Re: GChildWatchSource take three

On Fri, 2003-08-01 at 16:53, Alexis S. L. Carvalho wrote:
> Thus spake Owen Taylor:
> > +void
> > +g_child_watch_source_init (void)
> > ===
> > 
> > I don't think making this public is a good idea; the precondition
> > for using this code is that you aren't using SIGCHLD yourself.
> > If you are, you can remove your handler before calling
> > g_child_watch_source_new(), we don't have to clutter the API
> > for that.
> The thing is:  usually, when you launch a child process, you do
> something like:
> 1) setup signal handler and unblock SIGCHLD
> 2) launch child
> 3) SIGCHLD arrived; call waitpid.
> Without this function being public, you can only set the signal handler
> after launching the child.
> Is this a problem?  Well, if the programmer himself had a signal handler
> installed, it's his problem - let him shoot his foot.
> I'm more worried about what the parent of the process that uses
> g_child_watch can do - this is also the source of my comments about
> signal masks.
> Digging around some more, I found a case where you can make waitpid fail
> with ECHILD while using g_child_watch - sure, this case depends on
> behaviour specified by SuSv3 (but not Posix) regarding setting SIGCHLD

[ Irrelevant note - SuSv3 *is* the current version of POSIX ]

> to SIG_IGN (no zombies are generated), and some unespecified behaviour
> during exec (whether setting SIGCHLD to SIG_IGN survives an exec).
> Nevertheless, it occurs on linux.
> Essentially:  set SIGCHLD to SIG_IGN and launch a program that uses
> g_child_watch.  If the child exits before the (first) call to
> g_child_watch_add, the source is dispatched with a status of -1.
> Proof of concept:  modifying the non-threaded child-test.c like this
> (give the race condition some chance to happen):
>    pid = get_a_child ();
> +  sleep (3);
>    g_child_watch_add (pid, child_watch_callback, NULL);
> and compiling and running the attached program, I get this:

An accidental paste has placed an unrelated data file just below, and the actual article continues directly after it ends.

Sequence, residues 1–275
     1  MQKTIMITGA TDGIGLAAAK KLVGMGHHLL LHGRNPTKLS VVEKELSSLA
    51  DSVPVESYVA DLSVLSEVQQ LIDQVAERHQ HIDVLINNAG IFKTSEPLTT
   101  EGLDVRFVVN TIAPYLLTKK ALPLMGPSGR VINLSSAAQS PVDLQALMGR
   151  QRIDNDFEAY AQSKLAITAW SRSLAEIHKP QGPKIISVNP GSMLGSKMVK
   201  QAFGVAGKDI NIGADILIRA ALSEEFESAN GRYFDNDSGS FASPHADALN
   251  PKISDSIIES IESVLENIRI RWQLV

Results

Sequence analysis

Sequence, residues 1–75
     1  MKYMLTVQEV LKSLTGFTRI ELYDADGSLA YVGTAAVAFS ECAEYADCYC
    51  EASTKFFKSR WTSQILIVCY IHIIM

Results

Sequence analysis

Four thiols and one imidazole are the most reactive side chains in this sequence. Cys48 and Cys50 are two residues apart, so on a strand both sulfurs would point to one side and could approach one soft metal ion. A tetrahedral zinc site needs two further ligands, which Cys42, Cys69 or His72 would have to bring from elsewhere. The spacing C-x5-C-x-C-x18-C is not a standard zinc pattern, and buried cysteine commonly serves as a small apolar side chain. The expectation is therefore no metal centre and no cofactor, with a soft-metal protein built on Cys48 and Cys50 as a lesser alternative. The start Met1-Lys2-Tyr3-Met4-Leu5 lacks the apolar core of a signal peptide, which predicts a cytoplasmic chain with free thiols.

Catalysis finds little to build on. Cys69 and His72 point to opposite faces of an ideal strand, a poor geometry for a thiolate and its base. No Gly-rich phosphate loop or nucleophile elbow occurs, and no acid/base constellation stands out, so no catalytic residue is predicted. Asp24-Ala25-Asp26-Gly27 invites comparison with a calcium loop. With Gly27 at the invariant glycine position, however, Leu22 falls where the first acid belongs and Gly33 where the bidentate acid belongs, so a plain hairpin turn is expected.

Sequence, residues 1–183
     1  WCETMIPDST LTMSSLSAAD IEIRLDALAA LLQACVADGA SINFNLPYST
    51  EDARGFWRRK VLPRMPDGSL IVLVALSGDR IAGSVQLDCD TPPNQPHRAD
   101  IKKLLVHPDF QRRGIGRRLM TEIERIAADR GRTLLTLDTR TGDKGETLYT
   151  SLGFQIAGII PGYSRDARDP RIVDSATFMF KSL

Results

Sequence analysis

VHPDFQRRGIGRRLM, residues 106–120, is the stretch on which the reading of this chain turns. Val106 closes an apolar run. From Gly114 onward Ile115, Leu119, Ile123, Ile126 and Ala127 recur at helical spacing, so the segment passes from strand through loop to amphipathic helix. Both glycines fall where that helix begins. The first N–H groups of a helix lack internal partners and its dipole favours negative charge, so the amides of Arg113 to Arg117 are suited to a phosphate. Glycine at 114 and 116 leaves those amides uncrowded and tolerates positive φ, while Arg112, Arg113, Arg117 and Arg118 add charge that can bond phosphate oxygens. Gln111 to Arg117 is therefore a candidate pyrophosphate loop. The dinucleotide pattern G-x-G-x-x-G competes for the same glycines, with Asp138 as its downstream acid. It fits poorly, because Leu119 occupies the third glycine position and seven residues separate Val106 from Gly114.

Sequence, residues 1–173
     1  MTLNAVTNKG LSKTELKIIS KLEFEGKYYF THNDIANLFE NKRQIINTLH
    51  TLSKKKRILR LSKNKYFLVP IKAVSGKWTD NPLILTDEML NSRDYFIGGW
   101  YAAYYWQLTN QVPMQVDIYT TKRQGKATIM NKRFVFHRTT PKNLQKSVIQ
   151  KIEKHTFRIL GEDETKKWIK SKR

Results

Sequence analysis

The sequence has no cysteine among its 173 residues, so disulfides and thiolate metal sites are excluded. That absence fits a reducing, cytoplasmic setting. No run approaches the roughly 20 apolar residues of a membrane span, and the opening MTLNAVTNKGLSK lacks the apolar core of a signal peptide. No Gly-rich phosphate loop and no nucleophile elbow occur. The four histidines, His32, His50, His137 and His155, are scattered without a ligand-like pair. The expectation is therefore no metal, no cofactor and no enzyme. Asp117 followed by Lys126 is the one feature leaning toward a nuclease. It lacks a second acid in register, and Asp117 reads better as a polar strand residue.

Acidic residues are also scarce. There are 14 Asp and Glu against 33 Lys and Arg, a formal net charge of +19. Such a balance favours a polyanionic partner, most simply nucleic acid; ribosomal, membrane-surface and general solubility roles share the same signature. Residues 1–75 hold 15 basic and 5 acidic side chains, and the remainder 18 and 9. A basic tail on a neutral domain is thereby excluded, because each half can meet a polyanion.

> $ ./child-test 
> Testing non-threaded GChildWatchSource
> child 12434 exited, status 0
> $ ./sigchld_ign child-test
> Testing non-threaded GChildWatchSource
> child 12466 exited, status -1
> Instrumenting check_for_child_exited to print the value of errno, I get
> "No child processes" (i.e. ECHILD).
> Calling g_child_watch_source_init before get_a_child fixes this.
> If you decide to keep this function public, the docs should mention that
> it should be called before the first call to fork (i.e. before the first
> child is launched) - otherwise there's no point in calling it.

Hmm, if we think this is a problem, the API should not call the function
implicitely, but *require* you to call it explicitely. Otherwise, you
are inviting people to write buggy programs that usually work.

But is this a real problem? How many programs are there out there that
run a child process synchronously by forking a child and then 
immediately calling waitpid() on it? How many of them worry that 
SIGCHLD might be ignored?

I think a parent program that leaves SIGCHLD as SIGIGN when forking
a child is just buggy. Even glibc's system() implementation looks 
vulnerable to this.

[ I wrote a short program to test system(), and it seemed to work 
fine, but that may just be a race condition thing. ]


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